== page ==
A U.S. Centers for Disease Control and Prevention panel recommended Thursday that anyone eligible for a COVI-19 vaccine booster shot can get a brand different from the one they received initially.
CDC advisors also endorsed “mixing and matching” brands for the extra dose -- a key step in the federal push to broaden booster access for the U.S. public.
Here's what you should know:
The FDA opened the way for anyone eligible for a booster to get any of the country's three authorized brands for their extra dose. The FDA stressed the practicality of being able to get whatever booster a particular pharmacy or clinic is offering, particularly in nursing homes and other institutional settings where residents have received different shots over time.
The interchangeability of the shots is expected to speed the booster campaign.
FDA's acting commissioner Dr. Janet Woodcock said the agency wanted to make its booster guidance as flexible as possible, given that many people don't remember which brand they first received. In other cases, some people may want to try a different vaccine if they previously experienced common side effects like muscle ache or chills.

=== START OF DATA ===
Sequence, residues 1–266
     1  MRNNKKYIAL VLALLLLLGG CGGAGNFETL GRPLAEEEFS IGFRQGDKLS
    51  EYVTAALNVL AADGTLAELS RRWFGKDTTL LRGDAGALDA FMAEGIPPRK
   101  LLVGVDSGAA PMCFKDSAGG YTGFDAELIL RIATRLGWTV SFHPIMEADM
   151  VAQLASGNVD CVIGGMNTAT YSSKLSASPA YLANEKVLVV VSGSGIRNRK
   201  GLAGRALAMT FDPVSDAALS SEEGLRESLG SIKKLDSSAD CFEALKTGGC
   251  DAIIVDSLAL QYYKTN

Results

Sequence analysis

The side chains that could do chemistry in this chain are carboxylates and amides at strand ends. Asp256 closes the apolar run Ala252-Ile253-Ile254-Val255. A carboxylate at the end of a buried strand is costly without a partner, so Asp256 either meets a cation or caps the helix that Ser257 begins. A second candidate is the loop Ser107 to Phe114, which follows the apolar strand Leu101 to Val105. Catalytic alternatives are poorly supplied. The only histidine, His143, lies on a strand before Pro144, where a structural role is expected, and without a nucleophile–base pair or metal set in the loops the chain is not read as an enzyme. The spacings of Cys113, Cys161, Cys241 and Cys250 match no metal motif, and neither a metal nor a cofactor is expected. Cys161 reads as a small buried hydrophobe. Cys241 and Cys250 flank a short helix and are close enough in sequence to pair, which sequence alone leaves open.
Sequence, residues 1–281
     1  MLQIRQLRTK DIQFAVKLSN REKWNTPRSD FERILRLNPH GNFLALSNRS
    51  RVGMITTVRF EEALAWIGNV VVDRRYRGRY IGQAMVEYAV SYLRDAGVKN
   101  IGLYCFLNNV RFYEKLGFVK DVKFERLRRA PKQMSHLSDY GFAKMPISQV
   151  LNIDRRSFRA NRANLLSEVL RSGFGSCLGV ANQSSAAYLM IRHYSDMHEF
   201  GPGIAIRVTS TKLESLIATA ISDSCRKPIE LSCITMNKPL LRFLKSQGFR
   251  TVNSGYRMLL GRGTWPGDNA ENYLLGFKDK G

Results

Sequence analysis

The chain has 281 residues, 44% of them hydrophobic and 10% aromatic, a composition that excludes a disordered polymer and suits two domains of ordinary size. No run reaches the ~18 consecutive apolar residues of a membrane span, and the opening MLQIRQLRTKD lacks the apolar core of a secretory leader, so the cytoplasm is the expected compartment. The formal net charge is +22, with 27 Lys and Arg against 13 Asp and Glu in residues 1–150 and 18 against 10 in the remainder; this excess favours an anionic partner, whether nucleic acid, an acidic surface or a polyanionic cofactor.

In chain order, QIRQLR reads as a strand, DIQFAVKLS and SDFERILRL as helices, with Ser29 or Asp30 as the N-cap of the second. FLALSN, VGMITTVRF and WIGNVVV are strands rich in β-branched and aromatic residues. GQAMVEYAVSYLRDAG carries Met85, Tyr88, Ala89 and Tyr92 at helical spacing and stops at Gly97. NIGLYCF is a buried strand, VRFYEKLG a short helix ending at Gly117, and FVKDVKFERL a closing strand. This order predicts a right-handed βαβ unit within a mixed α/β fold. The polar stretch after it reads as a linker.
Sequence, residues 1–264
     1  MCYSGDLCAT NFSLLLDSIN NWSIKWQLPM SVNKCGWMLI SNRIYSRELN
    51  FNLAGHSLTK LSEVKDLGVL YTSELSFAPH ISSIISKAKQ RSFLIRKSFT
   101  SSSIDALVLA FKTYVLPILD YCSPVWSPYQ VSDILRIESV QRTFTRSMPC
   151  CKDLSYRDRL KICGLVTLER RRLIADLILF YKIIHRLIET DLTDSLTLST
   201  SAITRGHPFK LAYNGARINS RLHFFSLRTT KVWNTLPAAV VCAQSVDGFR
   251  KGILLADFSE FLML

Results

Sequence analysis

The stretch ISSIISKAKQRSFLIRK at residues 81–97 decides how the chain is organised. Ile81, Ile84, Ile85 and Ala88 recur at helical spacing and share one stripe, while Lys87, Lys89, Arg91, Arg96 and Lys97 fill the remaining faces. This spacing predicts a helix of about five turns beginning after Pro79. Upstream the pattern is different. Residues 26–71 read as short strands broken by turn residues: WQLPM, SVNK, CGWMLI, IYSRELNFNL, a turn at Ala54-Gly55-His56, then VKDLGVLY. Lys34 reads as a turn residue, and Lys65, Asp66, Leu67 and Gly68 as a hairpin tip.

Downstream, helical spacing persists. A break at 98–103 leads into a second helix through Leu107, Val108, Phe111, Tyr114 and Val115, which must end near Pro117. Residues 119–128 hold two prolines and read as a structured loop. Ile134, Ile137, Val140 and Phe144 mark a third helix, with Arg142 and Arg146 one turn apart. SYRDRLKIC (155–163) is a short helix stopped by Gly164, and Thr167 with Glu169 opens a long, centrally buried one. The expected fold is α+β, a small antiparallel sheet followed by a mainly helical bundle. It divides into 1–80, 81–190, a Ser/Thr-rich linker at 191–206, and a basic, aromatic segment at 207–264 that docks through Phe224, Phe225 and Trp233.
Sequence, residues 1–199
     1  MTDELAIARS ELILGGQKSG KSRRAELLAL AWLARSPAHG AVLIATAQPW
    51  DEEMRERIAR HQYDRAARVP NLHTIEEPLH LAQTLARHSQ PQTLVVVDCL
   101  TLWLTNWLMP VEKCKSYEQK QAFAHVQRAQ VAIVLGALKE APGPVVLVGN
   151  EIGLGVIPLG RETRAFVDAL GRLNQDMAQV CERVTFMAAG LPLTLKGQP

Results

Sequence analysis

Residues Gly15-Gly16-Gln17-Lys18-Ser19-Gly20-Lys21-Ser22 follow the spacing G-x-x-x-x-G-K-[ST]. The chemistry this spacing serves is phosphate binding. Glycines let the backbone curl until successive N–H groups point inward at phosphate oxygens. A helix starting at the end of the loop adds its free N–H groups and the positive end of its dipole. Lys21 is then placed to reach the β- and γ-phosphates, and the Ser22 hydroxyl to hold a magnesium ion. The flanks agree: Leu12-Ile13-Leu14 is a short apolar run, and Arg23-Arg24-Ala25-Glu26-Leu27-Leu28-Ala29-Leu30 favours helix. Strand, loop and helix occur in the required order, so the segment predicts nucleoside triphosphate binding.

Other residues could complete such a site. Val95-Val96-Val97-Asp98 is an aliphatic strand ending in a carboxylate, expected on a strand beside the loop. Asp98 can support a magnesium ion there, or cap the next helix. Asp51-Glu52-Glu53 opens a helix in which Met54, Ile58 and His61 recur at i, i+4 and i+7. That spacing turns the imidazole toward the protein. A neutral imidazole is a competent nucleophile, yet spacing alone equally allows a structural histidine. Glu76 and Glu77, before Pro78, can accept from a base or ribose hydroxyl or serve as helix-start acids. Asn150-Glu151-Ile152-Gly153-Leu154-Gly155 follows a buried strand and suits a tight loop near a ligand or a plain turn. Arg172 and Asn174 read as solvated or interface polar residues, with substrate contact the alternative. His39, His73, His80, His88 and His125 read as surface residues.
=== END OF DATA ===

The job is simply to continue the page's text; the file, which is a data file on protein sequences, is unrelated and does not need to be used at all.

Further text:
Still, regulators said it's likely many people will stick with the same vaccine brand.
The decision was based on preliminary results from a government study of different booster combinations that showed an extra dose of any type revs up levels of virus-fighting antibodies. That study also showed recipients of the single-dose J&J vaccination had a far bigger response if they got a full-strength Moderna booster or a Pfizer booster rather than a second J&J shot. The study didn't test the half-dose Moderna booster.
CDC advisers on Thursday endorsed extra doses of all three of the nation’s vaccines — and said people could choose a different company’s brand for that next shot.
Certain people who received Pfizer vaccinations months ago already are eligible for a booster and now advisers to the Centers for Disease Control and Prevention say certain Moderna and Johnson & Johnson recipients should qualify, too. And in a bigger change, the panel opened the option of “mixing and matching” that would allow a different vaccine for the extra dose than the kind people first received.